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This is the level that really means something to me as a confirmed county counter. It’s the reason I wanted Google Maps to add county lines in the first place. I have one minor quibble with the feature as it’s been rolled out: the lines disappear as one begins to drill-down for a closeup view. That may cause an issue as one tries to figure out whether a certain road clips a county border or not. On the other hand, we’ve seen many times that borders drawn by Google Maps can be misplaced by several to even a hundred feet or more. Perhaps this is their subtle way of telling us that we shouldn’t rely on the rendering too literally. I’m not complaining. It’s certainly better than no county lines at all.

Sumter County, Georgia was established in 1831 just a few years after the Creek Indians ceded it to the state and relocated west of the Mississippi River after the Treaty of Indian Springs. Its namesake was Thomas Sumter, a South Carolina war hero and the last living general from the American Revolution era at the time of the county’s origin. His name lives on in a couple of different ways: the famous Fort Sumter where the Civil War began was named for him; and his nickname, "The Carolina Gamecock" was shortened down to Gamecocks to represent the University of South Carolina sports teams. One often hears obnoxious fans shorten it down even further but I’m not going there. Now I know that it all ties back to Thomas Sumter and that makes me feel better somehow.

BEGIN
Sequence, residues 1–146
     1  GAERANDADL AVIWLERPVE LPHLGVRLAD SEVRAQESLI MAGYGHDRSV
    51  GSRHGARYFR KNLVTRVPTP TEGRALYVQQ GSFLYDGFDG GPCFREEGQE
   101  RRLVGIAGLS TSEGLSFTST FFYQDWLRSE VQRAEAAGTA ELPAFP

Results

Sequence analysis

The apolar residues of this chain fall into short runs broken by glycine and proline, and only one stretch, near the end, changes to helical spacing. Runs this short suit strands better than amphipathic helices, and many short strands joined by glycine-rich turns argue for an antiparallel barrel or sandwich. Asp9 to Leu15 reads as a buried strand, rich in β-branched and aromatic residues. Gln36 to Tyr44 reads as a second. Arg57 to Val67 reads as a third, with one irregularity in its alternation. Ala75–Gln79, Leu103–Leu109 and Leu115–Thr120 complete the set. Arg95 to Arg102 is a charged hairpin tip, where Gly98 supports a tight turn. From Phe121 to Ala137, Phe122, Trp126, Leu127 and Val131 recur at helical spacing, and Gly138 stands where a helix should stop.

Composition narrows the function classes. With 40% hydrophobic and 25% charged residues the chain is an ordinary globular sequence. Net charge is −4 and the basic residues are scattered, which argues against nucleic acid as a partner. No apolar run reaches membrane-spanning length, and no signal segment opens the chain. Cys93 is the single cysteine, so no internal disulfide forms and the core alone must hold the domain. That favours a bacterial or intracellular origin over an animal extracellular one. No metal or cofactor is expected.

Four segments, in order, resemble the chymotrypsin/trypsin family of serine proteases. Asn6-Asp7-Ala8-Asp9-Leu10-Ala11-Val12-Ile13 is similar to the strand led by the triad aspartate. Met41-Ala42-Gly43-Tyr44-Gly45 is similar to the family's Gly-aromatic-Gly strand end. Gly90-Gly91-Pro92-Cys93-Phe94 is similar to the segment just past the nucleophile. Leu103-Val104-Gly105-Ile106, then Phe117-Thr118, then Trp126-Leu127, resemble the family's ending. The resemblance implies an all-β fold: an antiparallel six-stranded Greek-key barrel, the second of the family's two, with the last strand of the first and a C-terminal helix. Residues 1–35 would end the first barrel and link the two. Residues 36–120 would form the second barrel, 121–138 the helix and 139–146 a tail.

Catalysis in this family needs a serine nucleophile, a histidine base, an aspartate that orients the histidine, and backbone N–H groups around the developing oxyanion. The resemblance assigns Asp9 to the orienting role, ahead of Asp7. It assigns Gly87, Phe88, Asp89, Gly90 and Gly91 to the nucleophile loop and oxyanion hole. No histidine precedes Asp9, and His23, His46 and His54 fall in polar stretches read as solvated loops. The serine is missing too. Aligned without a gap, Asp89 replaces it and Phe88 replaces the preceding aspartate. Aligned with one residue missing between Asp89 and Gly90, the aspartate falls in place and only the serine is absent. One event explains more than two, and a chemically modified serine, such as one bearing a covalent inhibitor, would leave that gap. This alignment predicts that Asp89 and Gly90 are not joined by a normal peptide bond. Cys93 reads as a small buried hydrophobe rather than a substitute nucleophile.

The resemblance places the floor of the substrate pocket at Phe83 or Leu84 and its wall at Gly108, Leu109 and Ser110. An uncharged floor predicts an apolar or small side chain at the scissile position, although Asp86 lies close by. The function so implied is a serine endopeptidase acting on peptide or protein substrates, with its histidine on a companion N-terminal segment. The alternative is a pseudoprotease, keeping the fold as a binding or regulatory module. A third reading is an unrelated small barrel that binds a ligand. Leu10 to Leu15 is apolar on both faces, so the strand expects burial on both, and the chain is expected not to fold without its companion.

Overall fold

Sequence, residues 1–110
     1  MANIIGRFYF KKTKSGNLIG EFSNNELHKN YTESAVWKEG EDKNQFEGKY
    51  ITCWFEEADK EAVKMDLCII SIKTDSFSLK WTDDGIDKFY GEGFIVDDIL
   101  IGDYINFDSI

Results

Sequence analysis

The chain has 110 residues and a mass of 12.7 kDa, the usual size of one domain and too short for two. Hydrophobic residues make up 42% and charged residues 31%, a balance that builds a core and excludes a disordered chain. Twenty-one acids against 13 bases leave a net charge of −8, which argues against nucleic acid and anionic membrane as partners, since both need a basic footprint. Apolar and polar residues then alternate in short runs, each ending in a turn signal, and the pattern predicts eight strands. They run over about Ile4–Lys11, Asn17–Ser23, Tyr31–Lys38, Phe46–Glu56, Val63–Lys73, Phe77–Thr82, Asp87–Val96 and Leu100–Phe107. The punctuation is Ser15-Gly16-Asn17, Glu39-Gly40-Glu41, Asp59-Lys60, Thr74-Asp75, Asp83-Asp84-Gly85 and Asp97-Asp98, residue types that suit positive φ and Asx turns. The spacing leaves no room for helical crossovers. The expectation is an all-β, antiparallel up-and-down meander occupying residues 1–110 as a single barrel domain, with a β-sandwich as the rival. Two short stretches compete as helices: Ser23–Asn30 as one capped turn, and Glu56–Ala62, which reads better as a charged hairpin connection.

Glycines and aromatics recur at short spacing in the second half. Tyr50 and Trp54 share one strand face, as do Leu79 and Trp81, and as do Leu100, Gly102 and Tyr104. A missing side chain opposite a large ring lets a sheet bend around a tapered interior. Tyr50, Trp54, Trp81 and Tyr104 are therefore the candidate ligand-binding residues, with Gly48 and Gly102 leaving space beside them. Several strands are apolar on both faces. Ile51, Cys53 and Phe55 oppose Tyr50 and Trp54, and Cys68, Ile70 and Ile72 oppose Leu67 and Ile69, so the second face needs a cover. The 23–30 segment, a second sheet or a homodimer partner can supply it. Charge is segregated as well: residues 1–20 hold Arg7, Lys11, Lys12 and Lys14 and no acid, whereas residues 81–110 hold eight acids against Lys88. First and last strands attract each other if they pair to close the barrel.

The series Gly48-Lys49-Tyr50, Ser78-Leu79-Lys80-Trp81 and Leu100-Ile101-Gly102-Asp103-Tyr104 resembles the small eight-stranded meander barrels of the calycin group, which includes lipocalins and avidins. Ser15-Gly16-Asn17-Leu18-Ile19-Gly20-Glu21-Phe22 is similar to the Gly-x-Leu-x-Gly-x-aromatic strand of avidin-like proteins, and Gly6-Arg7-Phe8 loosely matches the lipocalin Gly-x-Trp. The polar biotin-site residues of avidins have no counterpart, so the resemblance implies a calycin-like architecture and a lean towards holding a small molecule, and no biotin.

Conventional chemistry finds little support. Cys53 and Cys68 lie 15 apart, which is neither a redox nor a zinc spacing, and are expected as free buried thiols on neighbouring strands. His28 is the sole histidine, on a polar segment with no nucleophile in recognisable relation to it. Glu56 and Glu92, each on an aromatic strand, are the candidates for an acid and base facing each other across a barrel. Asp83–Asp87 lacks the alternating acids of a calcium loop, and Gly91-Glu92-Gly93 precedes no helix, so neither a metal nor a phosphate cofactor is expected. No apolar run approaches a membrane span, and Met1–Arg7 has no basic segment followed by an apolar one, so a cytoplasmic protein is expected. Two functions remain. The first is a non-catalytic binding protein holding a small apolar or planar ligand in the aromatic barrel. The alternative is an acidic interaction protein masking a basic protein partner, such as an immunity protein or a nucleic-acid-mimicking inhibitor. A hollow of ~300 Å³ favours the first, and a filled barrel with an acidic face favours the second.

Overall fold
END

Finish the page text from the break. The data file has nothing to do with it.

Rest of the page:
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Towns — and townships in some instances I’ve checked — now show up with boundaries. This is a welcome, unexpected feature. Towns appeared previously but with very light gray shading. One had to really squint to discern town lines. Now the area snaps to attention. I selected Plains, GA because it’s one of those odd Georgia towns with a circular shape. Very few places feature arcs or circles as part of their boundaries, and everyone knows from the title of the blog that they fascinate me. It takes a skilled surveyor to mark an arc accurately.

Plains is named for a biblical reference, "The Plains of Dura." where "The book of Daniel states that Nebuchadnezzar set up a golden image…"

Observe that Plains isn’t a perfect circle. It has a distinct nob on its western boundary. That’s the "Carter Compound." Plains, of course, is most closely associated with Jimmy Carter, the 39th President of the United States. He still lives there and I guess Plains decided to move its borders to cement a claim to his legacy. The Carter Compound is closed to the public although visitors can tour other sites in the Jimmy Carter National Historic Site